The pathogenesis of the disease is initiated in cartilage located near the surface of the chondrocytes. The active collagen and proteoglycan-producing chondrocytes produce excess calcium or pyrophosphate or both, which leads to a supersaturation of the crystals in the nearby matrix. The dysfunction in either mineral or organic metabolism leading to the excess crystal formation has several proposed mechanisms, some with more evidence than others but none absolute.
Precipitation of the crystals in joints will often be asymptomatic; however, an acute attack of the associated synovitis is termed “pseudogout.” Most patients, however, will not experience these attacks that mimic gout, which happen to favor the knees, wrists, elbows, and MCP joints. “Chondrocalcinosis” refers to the actual radiographic crystal formations, and “pyrophosphate arthropathy” is another term for the joint disease.
The treatment of pseudogout attacks is relatively easy and there are multiple options, not to mention that cases can also be self-limited and mild. NSAIDS or colchicines can be used first-line, followed by oral or systemic corticosteroids. The European League against Rheumatism (EULAR) consensus panel prefers joint aspiration of crystals with intra-articular injection of corticosteroids for single-joint involvement.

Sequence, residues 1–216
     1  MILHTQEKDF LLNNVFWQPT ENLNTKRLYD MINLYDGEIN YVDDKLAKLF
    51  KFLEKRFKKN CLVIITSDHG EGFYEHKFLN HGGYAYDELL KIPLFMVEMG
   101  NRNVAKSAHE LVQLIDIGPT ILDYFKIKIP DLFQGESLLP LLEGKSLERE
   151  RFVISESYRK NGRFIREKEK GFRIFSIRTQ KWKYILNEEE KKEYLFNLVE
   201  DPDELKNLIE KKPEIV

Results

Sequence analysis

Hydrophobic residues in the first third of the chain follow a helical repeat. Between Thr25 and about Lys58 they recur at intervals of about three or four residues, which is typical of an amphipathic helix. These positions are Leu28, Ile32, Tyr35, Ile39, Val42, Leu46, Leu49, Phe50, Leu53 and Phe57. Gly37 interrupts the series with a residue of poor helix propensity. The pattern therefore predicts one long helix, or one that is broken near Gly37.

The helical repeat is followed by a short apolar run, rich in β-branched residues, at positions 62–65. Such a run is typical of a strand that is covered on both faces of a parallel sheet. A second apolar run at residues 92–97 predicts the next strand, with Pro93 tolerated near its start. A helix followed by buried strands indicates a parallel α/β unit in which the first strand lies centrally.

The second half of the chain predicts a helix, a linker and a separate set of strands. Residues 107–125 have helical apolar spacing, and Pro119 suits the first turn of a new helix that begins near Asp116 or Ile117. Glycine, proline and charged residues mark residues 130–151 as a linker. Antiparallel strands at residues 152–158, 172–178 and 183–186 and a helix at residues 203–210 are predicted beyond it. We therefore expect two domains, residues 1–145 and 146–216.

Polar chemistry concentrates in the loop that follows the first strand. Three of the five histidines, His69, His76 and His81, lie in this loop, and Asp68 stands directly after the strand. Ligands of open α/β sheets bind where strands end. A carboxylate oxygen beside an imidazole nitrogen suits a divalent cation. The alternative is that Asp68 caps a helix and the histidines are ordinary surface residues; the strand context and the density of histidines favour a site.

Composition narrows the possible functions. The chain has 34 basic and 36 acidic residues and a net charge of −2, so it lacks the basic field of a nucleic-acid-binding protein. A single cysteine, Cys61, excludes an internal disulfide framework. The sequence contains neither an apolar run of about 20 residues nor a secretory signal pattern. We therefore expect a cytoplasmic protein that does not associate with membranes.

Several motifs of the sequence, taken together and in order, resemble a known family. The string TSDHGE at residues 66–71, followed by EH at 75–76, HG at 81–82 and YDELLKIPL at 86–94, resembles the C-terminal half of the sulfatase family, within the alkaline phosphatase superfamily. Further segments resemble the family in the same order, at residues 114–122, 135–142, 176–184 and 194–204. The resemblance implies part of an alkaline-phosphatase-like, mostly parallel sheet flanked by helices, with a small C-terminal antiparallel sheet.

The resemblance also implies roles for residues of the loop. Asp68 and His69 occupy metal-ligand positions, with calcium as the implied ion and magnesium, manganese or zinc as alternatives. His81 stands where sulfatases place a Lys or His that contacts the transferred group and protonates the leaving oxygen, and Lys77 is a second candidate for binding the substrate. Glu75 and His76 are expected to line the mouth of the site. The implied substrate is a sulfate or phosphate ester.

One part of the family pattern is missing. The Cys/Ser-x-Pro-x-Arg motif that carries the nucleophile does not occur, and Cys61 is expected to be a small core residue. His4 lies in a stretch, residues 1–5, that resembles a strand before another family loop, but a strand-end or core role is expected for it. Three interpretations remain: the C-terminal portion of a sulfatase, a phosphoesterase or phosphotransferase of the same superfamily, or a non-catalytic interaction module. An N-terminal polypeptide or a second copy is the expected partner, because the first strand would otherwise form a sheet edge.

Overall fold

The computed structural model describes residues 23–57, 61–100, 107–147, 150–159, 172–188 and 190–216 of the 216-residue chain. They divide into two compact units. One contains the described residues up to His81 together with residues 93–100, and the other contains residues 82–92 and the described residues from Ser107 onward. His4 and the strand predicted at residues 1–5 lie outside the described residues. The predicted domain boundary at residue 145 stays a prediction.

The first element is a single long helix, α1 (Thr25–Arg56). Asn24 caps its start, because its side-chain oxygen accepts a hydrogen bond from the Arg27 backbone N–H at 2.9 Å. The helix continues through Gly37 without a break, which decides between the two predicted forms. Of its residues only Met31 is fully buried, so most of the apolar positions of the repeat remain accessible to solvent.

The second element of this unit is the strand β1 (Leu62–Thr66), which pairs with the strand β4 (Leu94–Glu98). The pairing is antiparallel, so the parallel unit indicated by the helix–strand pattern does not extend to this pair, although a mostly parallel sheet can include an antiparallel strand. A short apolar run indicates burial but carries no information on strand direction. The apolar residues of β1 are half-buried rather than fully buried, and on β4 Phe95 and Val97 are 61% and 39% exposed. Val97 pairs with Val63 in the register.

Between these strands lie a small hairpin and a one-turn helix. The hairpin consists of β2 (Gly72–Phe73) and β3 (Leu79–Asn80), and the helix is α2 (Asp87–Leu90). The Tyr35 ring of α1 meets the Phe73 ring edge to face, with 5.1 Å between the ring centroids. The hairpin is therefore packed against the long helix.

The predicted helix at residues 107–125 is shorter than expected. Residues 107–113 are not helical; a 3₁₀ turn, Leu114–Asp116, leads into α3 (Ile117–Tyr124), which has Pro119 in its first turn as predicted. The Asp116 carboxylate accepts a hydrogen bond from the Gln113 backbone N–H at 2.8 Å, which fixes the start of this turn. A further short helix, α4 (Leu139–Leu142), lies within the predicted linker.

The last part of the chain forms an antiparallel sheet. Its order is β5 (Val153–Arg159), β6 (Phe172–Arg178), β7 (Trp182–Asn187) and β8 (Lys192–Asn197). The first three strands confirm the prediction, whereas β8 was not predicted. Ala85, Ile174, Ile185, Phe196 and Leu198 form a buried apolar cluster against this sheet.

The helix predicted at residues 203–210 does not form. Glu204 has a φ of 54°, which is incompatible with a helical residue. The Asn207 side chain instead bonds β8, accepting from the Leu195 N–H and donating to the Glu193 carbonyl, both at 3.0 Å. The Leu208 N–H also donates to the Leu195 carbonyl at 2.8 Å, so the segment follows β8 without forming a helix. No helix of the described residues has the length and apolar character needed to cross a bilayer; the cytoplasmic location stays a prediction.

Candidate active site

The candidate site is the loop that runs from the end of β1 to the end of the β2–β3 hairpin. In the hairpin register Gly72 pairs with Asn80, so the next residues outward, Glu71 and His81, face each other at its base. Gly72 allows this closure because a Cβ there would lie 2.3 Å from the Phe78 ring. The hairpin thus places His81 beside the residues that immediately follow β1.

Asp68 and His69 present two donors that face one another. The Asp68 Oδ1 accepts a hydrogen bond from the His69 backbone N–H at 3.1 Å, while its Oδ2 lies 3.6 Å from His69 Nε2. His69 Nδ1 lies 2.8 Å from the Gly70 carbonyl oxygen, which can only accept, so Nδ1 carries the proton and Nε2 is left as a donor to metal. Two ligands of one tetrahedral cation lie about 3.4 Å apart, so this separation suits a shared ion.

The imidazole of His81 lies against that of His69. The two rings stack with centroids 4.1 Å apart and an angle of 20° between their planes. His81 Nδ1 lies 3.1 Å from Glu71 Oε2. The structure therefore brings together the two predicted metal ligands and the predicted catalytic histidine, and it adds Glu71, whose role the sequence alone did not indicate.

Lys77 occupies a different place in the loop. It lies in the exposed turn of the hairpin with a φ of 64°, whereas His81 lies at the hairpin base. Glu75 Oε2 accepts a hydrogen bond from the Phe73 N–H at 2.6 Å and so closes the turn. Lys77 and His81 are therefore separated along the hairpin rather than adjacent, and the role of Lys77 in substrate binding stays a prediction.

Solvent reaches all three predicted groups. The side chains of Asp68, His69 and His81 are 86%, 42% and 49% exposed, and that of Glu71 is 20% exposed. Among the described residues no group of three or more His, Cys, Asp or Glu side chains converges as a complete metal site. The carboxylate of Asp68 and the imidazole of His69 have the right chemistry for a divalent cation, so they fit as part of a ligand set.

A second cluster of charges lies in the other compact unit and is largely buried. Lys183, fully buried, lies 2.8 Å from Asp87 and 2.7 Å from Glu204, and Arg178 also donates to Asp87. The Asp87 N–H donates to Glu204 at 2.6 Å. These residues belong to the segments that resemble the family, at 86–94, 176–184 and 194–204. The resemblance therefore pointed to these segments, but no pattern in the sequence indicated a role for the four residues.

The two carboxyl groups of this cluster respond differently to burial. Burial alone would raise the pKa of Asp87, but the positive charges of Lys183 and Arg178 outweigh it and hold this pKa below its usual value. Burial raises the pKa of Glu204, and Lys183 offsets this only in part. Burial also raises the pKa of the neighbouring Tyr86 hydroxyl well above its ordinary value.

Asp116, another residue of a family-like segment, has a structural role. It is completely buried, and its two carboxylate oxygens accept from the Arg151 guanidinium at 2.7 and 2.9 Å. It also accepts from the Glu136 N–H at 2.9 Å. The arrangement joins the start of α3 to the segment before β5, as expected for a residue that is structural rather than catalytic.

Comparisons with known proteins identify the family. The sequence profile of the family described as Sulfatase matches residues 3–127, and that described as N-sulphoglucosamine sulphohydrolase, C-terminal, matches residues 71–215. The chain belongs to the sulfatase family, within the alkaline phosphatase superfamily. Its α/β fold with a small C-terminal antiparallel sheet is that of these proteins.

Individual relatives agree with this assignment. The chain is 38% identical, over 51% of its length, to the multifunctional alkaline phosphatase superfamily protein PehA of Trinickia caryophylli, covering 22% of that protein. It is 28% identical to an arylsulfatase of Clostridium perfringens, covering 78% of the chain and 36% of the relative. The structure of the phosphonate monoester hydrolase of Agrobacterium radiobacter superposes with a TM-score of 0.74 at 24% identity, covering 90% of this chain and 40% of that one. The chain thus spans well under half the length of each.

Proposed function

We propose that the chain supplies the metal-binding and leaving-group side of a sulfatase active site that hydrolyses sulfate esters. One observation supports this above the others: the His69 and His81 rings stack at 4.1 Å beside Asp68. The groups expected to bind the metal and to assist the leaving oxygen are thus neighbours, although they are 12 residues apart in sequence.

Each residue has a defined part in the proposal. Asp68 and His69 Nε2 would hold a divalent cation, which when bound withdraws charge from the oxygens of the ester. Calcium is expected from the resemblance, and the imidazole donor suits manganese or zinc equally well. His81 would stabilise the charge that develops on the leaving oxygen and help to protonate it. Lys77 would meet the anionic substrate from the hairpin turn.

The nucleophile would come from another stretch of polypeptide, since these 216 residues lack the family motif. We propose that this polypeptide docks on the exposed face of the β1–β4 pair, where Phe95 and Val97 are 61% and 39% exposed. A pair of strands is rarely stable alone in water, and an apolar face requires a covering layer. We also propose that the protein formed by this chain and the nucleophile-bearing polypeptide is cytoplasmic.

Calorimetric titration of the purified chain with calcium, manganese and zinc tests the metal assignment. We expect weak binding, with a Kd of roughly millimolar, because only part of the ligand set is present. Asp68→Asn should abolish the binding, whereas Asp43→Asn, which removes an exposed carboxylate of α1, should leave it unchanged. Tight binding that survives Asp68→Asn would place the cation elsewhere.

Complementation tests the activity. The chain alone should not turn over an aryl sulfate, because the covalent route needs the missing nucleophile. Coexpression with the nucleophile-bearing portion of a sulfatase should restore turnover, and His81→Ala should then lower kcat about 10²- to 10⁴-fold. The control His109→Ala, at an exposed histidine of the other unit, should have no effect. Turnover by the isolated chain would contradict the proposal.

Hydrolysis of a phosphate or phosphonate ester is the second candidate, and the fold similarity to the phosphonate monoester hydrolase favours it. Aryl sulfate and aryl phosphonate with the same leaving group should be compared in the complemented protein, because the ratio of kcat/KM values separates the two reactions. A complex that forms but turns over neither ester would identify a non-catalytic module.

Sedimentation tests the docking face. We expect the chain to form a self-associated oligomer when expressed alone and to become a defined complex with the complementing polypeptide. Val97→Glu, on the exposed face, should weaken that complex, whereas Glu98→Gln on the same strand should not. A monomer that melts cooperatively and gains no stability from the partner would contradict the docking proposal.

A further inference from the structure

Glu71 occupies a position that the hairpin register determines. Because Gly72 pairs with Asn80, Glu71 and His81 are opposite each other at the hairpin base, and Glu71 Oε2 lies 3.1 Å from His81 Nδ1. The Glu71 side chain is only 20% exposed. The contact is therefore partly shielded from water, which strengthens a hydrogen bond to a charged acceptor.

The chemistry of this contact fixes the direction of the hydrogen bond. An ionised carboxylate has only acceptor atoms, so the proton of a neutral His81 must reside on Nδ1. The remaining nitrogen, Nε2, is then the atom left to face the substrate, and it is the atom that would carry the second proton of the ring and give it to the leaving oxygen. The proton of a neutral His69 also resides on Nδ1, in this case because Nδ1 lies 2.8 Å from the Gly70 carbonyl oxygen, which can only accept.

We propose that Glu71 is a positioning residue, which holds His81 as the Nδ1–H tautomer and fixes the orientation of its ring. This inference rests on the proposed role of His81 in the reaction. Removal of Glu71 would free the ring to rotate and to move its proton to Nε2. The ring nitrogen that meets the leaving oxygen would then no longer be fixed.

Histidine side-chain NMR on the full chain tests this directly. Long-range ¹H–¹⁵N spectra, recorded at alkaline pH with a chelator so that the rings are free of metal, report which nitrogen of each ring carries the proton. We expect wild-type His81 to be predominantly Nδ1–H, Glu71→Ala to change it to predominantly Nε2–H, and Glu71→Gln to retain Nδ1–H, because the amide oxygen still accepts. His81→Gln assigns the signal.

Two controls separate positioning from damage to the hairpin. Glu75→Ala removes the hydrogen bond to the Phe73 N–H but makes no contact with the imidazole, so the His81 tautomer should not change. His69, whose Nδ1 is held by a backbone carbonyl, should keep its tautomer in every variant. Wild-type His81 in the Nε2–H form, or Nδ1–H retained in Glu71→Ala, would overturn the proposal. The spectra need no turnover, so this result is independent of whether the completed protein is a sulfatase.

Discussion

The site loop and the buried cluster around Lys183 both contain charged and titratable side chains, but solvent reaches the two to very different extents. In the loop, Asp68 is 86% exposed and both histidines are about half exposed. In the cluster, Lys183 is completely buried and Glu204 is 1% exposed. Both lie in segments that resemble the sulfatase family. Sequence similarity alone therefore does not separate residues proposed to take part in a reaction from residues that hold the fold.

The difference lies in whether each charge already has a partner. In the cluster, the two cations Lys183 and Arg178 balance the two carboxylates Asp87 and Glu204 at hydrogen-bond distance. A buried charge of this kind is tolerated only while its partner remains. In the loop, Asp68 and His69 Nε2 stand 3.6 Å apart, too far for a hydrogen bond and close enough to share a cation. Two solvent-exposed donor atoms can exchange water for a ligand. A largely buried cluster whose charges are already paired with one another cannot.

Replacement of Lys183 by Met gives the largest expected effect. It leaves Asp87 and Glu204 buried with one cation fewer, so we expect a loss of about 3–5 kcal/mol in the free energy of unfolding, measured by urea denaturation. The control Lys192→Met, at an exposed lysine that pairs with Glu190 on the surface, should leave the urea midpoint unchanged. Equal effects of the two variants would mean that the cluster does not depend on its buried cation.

In multiple joint involvement, medical agents, as stated above, are preferred. Ice, rest, and immobilization are always indicated. Colchicine can be used for prophylaxis in patients with multiple attacks per year.
Pseudogout can be an easily missed diagnosis due to its similar presentation to other conditions. Once recognized, it is an easily treatable condition that can be managed in the urgent care setting.
- Robbins SL, Cotran RS, Kumar V, et al. Robbins & Cotran Pathologic Basis of Disease. 7th ed. Philadelphia, PA: Saunders; 2004:1314-1315.
- Goldman L, Ausiello DA. Cecil Textbook of Medicine. 22nd ed. Philadelphia, PA: Saunders; 2004:1708-1710.
- Uptodate: Clinical Reference. Uptodate website. Available at: www.uptodate.com. Accessed November 10, 2011.